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Sunday, 6 September 2015

The Republic of Thieves by Scott Lynch

As is probably evident in my review for Red Seas Under Red Skies, the last installment of the Gentleman Bastard left me completely emotionally destroyed and desperate for the follow up. And yet, when I found myself reading it, I was too keyed up from previous events to read it particularly quickly. Hence why it's taken me nearly a month to finish it. Now that I've finished it though, I'm kind of unsure what to think. Spoilers for both of the previous installments. 

The Republic of Thieves starts with Locke bedridden as he slowly and painfully dies from the poison administered in the last book. After Jean has spent everything they had trying and failing to find a cure for Locke, help arrives in a form that neither had ever wished to encounter again: a Bondsmagi. Introducing herself as Archedama Patience, she offers them an opportunity for Locke's affliction to be cured, so long as they take on a job for her: rig an election in her home city state of Karthain so that the party favoured by her particular faction of Bondsmagi will win. There are a few things that might get in the way of this job though. Most obviously is the person that the other Bondsmagi faction has hired to rig the election: Sabetha Belacoros, a former, and generally more competent, member of the Gentleman Bastards and the only woman that Locke has ever loved. Less evident is that there are members of the Bondsmagi whose interest in Locke may be peaked by more than his mutilation of the Falconer three years before. 
Right, so to the good stuff first. Once again, it is a fantastically written plot that is still intensely unpredictable. One potential revelation about halfway in had me reeling for pretty much an entire day, they're that good. And oh dear Jesus Christ, that ending. They are so thoroughly doomed in the next installment. I thought that the world-building for Karthain was really quite interesting, with the non-magical populace hiding behind pseudonyms due to the near-limitless level of power that the Bondsmagi can hold over you should they learn your real name. At the same time though, there doesn't seem to be any resentment towards the Bondsmagi, as their presence has led to a city state so secure that there hasn't been a standing army or need for traditional defences for three centuries or any need for such. It's a fascinating mix of fear, deference and a staggering amount of over-confidence, very Machiavellian in feel. The best part of the book though was finally getting to meet Sabetha for the first time. Admittedly, I didn't really like her hugely when she first appeared, but by the end she had definitely grown on me, making her relationship with Locke simultaneously sweeter and infinitely more frustrating. She's incredibly confident in her own abilities, but as a result of her upbringing can't bring herself to be satisfied with anything that is quick or easy. There's certainly a lot to admire in her, and I can understand Locke's mixed feelings towards her.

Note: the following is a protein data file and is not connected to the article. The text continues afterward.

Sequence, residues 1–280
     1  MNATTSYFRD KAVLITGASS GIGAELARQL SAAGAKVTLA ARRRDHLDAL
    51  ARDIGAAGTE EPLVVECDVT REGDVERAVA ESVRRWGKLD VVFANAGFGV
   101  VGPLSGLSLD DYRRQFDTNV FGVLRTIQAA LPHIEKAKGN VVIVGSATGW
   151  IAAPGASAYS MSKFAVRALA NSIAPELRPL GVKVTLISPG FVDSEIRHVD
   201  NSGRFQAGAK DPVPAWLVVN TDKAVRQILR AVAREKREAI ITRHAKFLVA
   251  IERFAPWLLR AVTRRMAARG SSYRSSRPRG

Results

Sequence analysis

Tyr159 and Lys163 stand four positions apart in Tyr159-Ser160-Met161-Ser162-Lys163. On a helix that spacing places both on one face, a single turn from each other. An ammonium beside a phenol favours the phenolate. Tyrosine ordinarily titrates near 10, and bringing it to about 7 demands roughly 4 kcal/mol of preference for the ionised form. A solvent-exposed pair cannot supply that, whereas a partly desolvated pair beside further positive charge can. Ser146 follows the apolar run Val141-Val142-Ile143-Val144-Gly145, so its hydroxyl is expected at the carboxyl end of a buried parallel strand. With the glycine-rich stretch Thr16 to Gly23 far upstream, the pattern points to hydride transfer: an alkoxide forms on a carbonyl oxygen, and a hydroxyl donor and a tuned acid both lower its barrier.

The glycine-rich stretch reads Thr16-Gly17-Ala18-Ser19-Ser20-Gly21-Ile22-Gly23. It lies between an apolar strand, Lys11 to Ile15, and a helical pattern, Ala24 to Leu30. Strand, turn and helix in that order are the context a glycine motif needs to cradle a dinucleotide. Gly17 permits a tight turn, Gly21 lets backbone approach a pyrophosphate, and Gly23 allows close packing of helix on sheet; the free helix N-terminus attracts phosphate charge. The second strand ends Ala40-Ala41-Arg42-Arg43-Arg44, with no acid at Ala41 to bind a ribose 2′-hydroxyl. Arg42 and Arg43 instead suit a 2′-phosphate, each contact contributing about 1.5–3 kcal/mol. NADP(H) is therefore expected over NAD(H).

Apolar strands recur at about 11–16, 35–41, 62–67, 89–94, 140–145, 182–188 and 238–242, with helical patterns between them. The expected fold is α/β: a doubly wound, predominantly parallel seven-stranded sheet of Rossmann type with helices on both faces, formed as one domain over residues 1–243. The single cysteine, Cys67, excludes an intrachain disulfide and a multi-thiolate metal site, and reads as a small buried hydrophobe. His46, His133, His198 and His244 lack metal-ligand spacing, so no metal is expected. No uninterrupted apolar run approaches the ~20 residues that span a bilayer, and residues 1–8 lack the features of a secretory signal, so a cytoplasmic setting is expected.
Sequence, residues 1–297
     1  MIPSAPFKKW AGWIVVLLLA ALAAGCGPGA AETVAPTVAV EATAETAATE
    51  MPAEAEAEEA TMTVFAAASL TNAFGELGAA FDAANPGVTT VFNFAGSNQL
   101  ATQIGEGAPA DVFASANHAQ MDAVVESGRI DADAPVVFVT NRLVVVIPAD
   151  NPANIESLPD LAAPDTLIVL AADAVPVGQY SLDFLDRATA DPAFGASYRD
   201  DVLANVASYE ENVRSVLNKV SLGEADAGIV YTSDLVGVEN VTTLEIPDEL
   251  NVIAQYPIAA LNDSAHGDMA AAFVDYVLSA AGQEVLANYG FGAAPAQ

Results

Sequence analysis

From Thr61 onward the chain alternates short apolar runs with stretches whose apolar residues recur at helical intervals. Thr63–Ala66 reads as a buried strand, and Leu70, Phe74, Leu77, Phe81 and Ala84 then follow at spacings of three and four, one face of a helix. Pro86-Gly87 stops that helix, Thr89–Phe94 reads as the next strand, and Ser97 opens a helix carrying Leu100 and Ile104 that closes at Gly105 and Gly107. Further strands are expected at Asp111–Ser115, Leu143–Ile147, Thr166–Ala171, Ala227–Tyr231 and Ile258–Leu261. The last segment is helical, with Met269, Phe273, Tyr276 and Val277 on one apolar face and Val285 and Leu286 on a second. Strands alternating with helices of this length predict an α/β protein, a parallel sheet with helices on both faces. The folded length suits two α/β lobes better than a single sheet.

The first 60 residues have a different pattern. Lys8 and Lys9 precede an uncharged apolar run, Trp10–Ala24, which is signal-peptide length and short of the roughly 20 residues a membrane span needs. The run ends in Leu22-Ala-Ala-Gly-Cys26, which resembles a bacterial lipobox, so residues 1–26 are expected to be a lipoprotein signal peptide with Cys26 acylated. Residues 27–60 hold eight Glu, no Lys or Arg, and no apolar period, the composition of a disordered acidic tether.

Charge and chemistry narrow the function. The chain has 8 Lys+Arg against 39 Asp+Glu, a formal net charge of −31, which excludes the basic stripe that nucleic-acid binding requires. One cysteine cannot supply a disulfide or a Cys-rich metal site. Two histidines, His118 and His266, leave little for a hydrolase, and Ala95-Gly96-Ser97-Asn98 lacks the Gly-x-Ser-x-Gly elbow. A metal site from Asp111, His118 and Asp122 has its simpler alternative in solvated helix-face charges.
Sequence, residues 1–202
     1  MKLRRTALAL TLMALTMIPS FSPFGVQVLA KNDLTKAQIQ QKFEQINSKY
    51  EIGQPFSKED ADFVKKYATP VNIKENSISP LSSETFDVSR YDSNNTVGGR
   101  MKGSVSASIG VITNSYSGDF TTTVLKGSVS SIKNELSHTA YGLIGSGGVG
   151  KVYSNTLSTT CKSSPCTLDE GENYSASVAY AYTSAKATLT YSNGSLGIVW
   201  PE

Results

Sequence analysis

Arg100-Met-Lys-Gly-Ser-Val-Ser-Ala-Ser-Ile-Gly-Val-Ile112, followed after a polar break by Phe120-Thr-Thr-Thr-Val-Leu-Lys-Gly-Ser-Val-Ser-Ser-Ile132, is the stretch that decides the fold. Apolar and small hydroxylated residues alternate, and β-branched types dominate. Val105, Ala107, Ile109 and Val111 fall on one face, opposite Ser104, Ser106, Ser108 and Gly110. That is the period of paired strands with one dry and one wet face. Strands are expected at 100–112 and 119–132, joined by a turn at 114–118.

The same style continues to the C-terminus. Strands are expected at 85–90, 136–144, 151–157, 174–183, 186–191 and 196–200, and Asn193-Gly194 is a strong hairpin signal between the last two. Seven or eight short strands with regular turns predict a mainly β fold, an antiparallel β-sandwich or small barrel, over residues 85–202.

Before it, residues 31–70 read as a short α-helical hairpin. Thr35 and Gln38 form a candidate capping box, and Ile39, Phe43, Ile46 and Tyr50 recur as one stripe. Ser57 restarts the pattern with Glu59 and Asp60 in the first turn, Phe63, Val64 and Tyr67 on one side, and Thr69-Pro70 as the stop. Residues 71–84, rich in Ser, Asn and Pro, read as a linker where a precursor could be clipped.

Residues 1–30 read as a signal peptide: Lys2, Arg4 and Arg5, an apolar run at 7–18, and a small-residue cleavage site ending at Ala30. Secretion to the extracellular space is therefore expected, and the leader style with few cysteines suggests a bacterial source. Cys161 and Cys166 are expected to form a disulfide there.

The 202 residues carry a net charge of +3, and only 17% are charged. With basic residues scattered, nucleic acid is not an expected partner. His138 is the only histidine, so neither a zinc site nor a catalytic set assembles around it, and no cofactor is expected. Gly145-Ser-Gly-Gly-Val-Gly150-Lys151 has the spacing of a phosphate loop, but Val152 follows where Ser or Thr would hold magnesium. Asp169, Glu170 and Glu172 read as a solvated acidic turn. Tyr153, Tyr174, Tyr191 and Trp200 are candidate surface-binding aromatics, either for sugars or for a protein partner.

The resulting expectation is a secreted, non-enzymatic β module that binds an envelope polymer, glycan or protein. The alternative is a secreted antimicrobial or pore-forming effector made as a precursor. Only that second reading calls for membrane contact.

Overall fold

There was, unfortunately, something that has dampened my enthusiasm somewhat. This may well be something that is only an issue for me, but I don't think that the stakes felt high enough. Okay, so working for Bondsmagi is automatically going to ramp up the tension for fans who have read the series thus far, but they didn't really interfere with proceedings anywhere near as much as I thought they would. In the previous two books, they briefly work for the antagonists as a result of coercion and get stabbed in the back in both cases; here, it's a trade of services with nothing to really tie the two parties together after their mutual business is complete. The closest that we have to an antagonist is probably Sabetha, and they would have no intention of doing anything permanently damaging to her even if killing weren't against the Bondsmagi's terms. For me, the satisfaction at the end of the previous two books was largely due to the fact that the antagonists decided that it would be better to screw around with the Gentleman Bastards instead of dealing with them civilly, so there was a feeling that they got everything that was coming to them and then some. In The Republic of Thieves, there is none of that raw anger and tendency for personal vendettas that make Locke and Jean so endearingly human. Everything is strictly business and the stuff that isn't doesn't really manifest as anything more than threats and angry words. So yeah, it feels a bit like the energy from the previous books was muted, and while it might suit the more political lean of the plot, I don't think it suited Locke and Jean terribly well. 

A slower pace and more of a muted tone made this the weakest of the series so far, in my opinion. But that in no way makes it a bad book, with a brilliantly twisty plot and a fantastic new character making this more than worthy of picking up. 4/5 

Next review: Born in Fire by Nora Roberts 

Signing off, 

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